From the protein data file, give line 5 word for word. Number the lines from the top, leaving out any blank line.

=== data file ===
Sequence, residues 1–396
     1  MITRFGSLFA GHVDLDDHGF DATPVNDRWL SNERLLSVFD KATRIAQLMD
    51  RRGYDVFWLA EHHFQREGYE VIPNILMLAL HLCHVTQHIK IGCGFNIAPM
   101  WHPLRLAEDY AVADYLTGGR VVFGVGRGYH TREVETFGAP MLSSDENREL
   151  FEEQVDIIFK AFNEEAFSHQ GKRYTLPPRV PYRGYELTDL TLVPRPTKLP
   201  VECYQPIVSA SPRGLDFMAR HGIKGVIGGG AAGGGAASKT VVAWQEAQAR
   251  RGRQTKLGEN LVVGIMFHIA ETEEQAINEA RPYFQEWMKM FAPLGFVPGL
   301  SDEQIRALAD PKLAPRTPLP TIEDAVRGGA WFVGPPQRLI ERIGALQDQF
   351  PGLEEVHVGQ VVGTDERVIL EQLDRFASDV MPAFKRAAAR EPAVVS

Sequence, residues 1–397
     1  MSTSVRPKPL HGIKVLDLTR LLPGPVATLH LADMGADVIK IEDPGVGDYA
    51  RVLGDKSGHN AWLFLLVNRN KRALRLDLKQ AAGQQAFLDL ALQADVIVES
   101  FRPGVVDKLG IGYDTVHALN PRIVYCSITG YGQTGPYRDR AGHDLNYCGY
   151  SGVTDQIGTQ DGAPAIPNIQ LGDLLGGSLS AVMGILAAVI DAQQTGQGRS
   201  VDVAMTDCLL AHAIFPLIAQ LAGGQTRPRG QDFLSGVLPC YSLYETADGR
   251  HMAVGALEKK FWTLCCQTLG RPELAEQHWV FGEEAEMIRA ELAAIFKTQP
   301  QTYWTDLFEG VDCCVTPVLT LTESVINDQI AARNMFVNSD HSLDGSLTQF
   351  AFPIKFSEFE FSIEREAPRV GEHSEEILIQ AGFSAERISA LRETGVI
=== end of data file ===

   151  FEEQVDIIFK AFNEEAFSHQ GKRYTLPPRV PYRGYELTDL TLVPRPTKLP